“Lila-Maryam,” Leiss said. “I’m sorry that –”
“Sorry won’t bring back our brothers and sisters!”
“The thing that killed them killed my partner!” Leiss barked back. “It’s left his boy fatherless. Imprisoning us serves no purpose.”
“If you won’t go of your own free will …”
“Then what?” Leiss said, moving into Lila-Maryam’s personal space. “These scrawny little priests going to make me, are they?”
She stepped back, staring up at Leiss, her face burning with fury.
Leiss’s chest deflated. “Look, I’m sorry. We had no way of knowing …”
“Lila-Maryam!” called one of the priests. He’d been on his way back to the atrium, but had stopped halfway there. He gestured towards something behind a pile of smouldering pews. “There’s a hole.”
Leiss was the first to move. He raced towards it, side-stepping debris and leaping over pews still on fire.
One of the red marble tiles had been lifted out and placed to one side, leaving a square black hole in the floor.
“The entrance to the temple,” Mehrak said when he and Sammy caught up. “The creature knows about it. It thinks we’re already down there.”
Sammy stared into the darkness below.
“Unless it’s gone ahead to lie in wait.” Leiss drew his sword. “If it’s gone after us, it’ll know we aren’t down there soon enough.”
“It won’t,” Lila-Maryam said. “The temple is in the heart of the mountain. It’ll be a long time before it realises you aren’t down there and comes back.”
“What temple?” asked one of the priests.
Lila-Maryam closed her eyes. “I’ll explain later.”
“So we have time?” Leiss asked. “The temple isn’t just below the floor?”
“It’s a long way off. And, yes, we have plenty of time to fill the hole before the creature comes back.”
“We’re going down,” Leiss said. “Right now. It won’t come back up. It will get to the temple first, realise we aren’t there and settle in to wait.”
Saliva pooled in Sammy’s mouth. She retched. And again, and again until her stomach squeezed its contents up her throat and onto the floor. Acid burned her nasal cavity and rancid chunks
filled her mouth. Mehrak took her by the arm and rubbed her back, but her stomach hadn’t stopped cramping and she was sick again.
When she’d emptied her stomach, she took a gulp of air and spat out the filthy remnants of breakfast.
“It’s okay,” Mehrak said. “We’ll stay here. We’ll barricade him in.”
“We can’t,” Leiss said. “The Lurker’s coming. Remember?”
Sammy stared up at him. “Hami might stop him,” she said.
“You clearly weren’t listening to the same story I was,” Leiss said. “Hami doesn’t stand a chance. He’s going to get himself killed. Our only hope is to get to the temple and get you home. When the other creature realises it’s ahead of us, it will bed down and wait for us to come to him. It knows we’d sooner face him than the Lurker. And if the temple is as far away as Lila-Maryam says, then the creature probably doesn’t know that we’re behind him yet. If we’re quick we might even get the drop on him.”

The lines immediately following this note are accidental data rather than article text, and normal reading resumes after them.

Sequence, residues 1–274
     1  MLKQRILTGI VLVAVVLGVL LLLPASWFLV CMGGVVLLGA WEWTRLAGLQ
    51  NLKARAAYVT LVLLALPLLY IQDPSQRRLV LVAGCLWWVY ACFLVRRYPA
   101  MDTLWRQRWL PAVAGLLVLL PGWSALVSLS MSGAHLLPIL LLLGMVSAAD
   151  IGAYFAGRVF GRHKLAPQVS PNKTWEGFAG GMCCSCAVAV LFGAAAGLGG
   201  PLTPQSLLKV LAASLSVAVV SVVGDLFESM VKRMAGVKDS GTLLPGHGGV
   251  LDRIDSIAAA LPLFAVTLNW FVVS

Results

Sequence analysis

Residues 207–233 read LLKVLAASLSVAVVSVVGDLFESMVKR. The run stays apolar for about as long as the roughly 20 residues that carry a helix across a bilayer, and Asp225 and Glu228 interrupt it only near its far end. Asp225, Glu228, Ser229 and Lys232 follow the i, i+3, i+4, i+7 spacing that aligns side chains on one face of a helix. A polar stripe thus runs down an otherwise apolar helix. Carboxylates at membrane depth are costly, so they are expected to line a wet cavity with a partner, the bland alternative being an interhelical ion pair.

“Maybe Ramaask wants Sammy alive,” Mehrak said.
“Like that crabman was going to take Sammy alive on Golden Egg balcony?”
Mehrak had no response to that.
“Exactly,” Leiss said. “We’re going down.” He turned to Lila-Maryam. “Slide the tile back over the hole once we’ve gone. Then get your boys here to weigh it down with whatever you can find. After that, get ten of them to guard the entrance. At least ten. Make sure nothing gets out.”
Lila-Maryam scowled at Leiss as he spoke but said nothing. Leiss picked up a long section of mushroom timber from a broken pew and lit the end from one of the still-burning pews. Then he sheathed his sword and approached the hole.
“Wait,” Lila-Maryam said. She exhaled and seemed to deflate. “You’re not going to make it to the temple without proper lamps. Memi, could you fetch me three oil lamps from the wall, please?”
Leiss dropped into the hole.
“Leiss!” called Mehrak. “We need to come with you.”
“Leiss?” Mehrak tried again, quieter this time.
“I’m right here,” Leiss called up. “I was just looking around. It’s not that deep.”
Memi returned with three oil lamps and Mehrak helped light them from splints of burning pew. He passed them through the hole and then Leiss helped him down, although not gently enough to stop him complaining about his ribs.
It was Sammy’s turn next. She peered into the hole. With the three oil lamps below ground, it was brighter under the floor than the hall above.
Leiss held his hands up out of the hole. “Just lower yourself down.”
“Hold on,” Lila-Maryam said. She reached into the opening of her cassock and removed a golden locket, pulling it out over the top of her head.
“Take this,” she said, handing it to Sammy. “It will guide you through the maze.”
“There’s a maze down here?” Mehrak called up.
Lila-Maryam held Sammy’s shoulders and stared into her eyes. “You can still get to the temple before the creature. It doesn’t know where it’s going. With this locket, you will.”
The locket was oval and had a burning sun on the front. On the back, written in Avestan, was an inscription that read A wish can be as good as a map.
Lila-Maryam stepped back. “I hope you are the one the legends spoke of. May Ahura be with you.” Then she broke eye contact and turned away. “That locket is the only possession I’m allowed. It was given to me by my father. Please don’t lose it.”
Leiss helped Sammy down into the hole. The cavity below the hall was a small one. It had a low ceiling, stone walls, and smelled of mould. Carved into the stone at one end was a primitive arch, leading to a staircase, which spiralled down and away into the rock.
Sammy placed the locket over her head and opened it. Inside was a small multi-faceted crystal set into the casing where a photo would normally sit. She held the locket up to her lamp. The crystal sparkled in the light, but did nothing else.
“Let’s get going,” Leiss said. He walked ahead through the arch.
Mehrak offered Sammy an optimistic smile. “Not far now,” he said.